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This is a question I've been trying to get answered. My husband insists that the rehab programs in prison are not good and he is actually actively trying to get placed somewhere that they don't offer a rehab program because of the other programs that they do offer there. Now his addiction is bad - it is why he is now going to be in prison for the next 6 years. He just entered the reception center and is currently being processed. He almost died this year from an overdose of the prescription medication. I am afraid that if he doesn't get some kind of help while he is in there that he will come home and we will end up right back where we are now. In fact that terrifies me. It seems like he goes from wanting to get helping to saying he doesn't need it to saying the programs aren't good. He checked himself into a rehab earlier this year but was arrested in there for failing a drug test 2 months earlier in a pre-trial release issue. Then they put him in a part of the jail where they didn't have the drug rehab program and he spent the first two months trying everything he could to get moved to where the rehab program was available...and now it seems like he's just given up again. And it terrifies me. So I should NOT believe it when he says the prison rehab program is not helpful? Not sure where he gets his information from anyway considering he's never been in prison before to know that.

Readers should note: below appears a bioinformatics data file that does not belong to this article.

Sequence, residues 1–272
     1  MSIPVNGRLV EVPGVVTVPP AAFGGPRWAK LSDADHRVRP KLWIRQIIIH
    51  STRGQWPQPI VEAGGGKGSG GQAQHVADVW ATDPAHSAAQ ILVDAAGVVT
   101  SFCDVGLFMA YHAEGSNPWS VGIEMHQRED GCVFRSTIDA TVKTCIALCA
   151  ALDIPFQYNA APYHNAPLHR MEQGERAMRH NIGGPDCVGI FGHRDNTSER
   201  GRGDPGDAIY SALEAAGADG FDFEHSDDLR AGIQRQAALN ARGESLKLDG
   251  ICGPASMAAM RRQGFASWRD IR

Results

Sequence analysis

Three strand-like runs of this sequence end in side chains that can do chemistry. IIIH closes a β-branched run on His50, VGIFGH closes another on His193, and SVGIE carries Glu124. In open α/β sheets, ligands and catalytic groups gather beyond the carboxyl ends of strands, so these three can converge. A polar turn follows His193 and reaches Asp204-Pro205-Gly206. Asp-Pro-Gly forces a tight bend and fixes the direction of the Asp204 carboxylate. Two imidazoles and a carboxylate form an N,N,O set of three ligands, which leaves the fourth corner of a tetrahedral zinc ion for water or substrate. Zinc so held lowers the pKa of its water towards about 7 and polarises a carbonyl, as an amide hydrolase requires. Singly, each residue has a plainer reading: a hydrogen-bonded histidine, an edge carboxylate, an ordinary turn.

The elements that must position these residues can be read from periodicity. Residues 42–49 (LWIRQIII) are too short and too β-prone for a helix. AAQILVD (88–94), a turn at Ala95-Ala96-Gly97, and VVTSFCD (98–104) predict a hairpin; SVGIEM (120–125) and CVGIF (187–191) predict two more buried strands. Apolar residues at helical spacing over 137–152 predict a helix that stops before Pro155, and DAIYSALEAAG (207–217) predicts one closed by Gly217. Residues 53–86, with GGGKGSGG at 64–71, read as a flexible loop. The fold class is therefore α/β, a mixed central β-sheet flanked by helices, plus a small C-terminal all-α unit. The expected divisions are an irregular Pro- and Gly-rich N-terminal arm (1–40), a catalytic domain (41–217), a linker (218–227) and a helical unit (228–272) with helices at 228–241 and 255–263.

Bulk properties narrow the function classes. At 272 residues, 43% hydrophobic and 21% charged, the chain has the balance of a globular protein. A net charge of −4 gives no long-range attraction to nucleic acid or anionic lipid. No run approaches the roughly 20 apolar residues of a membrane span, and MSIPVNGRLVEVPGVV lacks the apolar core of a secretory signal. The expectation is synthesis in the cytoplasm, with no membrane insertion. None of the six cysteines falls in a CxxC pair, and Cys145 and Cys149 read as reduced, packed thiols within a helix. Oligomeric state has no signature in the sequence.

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Old 12-21-2011, 10:38 PM
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And it terrifies me. So I should NOT believe it when he says the prison rehab program is not helpful? Not sure where he gets his information from anyway considering he's never been in prison before to know that.
It's not a question of believing him or not believing him. He may believe it. The reality is that whether he gets anything out of a prison drug program (or any other program) depends on him.

What I wrote previously in this thread;
"Any established, certified rehabilitation program is only as good as the motivation of the participants. In the recovery community what matters isn't the program, since virtually all of them use the same recovery curriculum and materials (there are really only two or three available) - what matters is whether or not he's ready to get clean... really ready.

Among addicts it's common to say stuff like, "I went to a bad program... that's why I wasn't successful..." Instead of recognizing that they weren't successful because they weren't ready or really motivated for change"
He needs to be where there is a rehab program. It is the addict in him you hear speaking, which, as we all know, is a terribly liar. Don't listen or buy into it. It's the ONLY way to break the cycle.
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Old 12-22-2011, 08:55 AM
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Thank you for responding. He says the ones in prison aren't any good because it is set up to get each other to snitch on one another for one reason or another - basically creating an atmosphere of mistrust that prevents getting anything out of the program. Again - I do not know where he is getting his information. I'm learning more and more that the system really isn't set up to help or rehabilitate people - and that is just from this year long battle we fought to clear his name to no avail.
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Old 12-22-2011, 10:51 AM
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Thank you for responding. He says the ones in prison aren't any good because it is set up to get each other to snitch on one another for one reason or another
If you're not doing anything wrong, and following the rules of the program, there's nothing to be snitched on about.

if you're not, you're jeopardizing the ability of others to get anything out of the program and get clean and sober... you deserve to suffer the consequences.